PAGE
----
The formation of massive, quiescent galaxies at cosmic noon

Robert Feldmann, Philip F. Hopkins, Eliot Quataert, Claude Andŕe Faucher-Giguère, Dᅭsan Kerěs

Research output: Contribution to journalArticle

39 Scopus citations

Abstract

The cosmic noon (z ~ 1.5-3) marked a period of vigorous star formation for most galaxies. However, about a third of the more massive galaxies at those times were quiescent in the sense that their observed stellar populations are inconsistent with rapid star formation. The reduced star formation activity is often attributed to gaseous outflows driven by feedback from supermassive black holes, but the impact of black hole feedback on galaxies in the young Universe is not yet definitively established. We analyse the origin of quiescent galaxies with the help of ultrahigh resolution, cosmological simulations that include feedback from stars but do not model the uncertain consequences of black hole feedback. We show that dark matter haloes with specific accretion rates below ~0.25-0.4 Gyr-1 preferentially host galaxies with reduced star formation rates and red broad-band colours. The fraction of such haloes in large darkmatter only simulations matches the observed fraction ofmassive quiescent galaxies (~1010-1011M). This strongly suggests that halo accretion rate is the key parameter determining which massive galaxies at z ~ 1.5-3 become quiescent. Empirical models that connect galaxy and halo evolution, such as halo occupation distribution or abundance matching models, assume a tight link between galaxy properties and the masses of their parent haloes. These models will benefit from adding the specific accretion rate of haloes as a second model parameter.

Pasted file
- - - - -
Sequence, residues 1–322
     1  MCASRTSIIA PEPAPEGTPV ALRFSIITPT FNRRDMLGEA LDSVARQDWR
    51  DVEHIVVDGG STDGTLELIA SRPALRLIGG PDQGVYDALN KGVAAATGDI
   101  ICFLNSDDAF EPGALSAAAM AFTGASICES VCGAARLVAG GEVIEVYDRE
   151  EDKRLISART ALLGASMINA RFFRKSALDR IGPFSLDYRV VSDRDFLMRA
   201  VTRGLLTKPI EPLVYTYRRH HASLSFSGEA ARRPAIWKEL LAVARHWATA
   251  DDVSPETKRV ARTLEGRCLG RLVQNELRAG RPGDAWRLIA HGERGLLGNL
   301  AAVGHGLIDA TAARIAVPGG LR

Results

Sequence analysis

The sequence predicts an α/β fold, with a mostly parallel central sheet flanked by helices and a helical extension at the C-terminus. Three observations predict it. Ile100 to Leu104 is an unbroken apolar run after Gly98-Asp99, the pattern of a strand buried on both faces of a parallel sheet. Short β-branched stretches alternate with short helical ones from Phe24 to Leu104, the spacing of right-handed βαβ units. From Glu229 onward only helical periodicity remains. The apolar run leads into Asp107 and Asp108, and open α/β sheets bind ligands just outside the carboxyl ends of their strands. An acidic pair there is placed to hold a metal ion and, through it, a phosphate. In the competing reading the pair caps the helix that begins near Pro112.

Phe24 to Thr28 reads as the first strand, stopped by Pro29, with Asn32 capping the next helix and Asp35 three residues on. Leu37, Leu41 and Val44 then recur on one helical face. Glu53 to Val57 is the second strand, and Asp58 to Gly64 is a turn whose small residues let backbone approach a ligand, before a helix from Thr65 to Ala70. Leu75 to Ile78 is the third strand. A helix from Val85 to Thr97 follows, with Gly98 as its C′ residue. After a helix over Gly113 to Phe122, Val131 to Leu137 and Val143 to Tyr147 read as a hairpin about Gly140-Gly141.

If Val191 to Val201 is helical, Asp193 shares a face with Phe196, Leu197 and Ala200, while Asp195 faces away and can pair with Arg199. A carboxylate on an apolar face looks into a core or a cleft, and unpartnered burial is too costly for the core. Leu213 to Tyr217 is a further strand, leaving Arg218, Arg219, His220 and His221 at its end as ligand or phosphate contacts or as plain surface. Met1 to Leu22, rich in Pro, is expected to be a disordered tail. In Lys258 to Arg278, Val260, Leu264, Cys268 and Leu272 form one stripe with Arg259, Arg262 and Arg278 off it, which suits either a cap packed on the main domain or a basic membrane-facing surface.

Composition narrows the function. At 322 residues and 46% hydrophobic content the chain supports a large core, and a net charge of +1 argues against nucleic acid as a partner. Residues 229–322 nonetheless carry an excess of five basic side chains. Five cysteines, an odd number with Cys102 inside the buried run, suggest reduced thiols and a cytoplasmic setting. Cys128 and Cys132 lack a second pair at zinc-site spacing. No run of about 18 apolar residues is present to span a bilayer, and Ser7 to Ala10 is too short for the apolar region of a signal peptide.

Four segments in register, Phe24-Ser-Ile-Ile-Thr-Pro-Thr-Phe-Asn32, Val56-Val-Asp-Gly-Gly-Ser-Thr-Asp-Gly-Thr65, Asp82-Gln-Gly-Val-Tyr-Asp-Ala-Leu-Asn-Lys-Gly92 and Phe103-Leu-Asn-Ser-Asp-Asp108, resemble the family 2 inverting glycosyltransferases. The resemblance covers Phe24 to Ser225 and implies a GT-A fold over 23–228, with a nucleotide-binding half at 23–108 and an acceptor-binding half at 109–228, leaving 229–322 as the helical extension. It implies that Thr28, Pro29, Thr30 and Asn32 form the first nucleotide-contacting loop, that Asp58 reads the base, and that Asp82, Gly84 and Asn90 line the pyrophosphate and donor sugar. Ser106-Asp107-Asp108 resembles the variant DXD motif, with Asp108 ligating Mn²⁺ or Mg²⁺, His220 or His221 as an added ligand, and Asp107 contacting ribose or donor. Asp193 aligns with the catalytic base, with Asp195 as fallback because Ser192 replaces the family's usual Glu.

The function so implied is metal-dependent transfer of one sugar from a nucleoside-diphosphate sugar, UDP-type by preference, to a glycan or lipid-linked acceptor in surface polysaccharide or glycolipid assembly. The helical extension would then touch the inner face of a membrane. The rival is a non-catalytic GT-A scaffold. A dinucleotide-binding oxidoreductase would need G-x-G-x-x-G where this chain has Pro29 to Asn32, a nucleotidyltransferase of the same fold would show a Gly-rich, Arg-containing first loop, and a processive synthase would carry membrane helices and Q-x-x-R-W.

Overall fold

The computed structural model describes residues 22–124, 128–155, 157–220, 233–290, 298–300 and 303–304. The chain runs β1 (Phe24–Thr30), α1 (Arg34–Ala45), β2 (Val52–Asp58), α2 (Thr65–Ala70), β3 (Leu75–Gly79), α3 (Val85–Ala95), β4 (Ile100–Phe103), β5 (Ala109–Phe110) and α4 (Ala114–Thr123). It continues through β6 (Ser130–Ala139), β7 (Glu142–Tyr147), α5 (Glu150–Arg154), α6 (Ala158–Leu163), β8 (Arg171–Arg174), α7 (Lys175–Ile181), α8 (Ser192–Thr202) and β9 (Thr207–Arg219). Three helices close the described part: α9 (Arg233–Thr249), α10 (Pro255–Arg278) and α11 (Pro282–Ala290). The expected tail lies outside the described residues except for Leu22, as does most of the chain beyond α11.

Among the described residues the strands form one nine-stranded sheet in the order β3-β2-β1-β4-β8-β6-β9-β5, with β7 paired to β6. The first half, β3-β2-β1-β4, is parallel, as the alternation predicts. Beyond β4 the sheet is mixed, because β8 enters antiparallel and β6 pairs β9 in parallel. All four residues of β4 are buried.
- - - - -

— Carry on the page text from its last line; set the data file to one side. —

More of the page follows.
Original languageEnglish (US)
Pages (from-to)L14-L18
JournalMonthly Notices of the Royal Astronomical Society: Letters
Volume458
Issue number1
DOIs
StatePublished - May 1 2016

All Science Journal Classification (ASJC) codes

  • Astronomy and Astrophysics
  • Space and Planetary Science

Keywords

  • Galaxies: evolution
  • Galaxies: formation-galaxies: high-redshift
  • Galaxies: star formation

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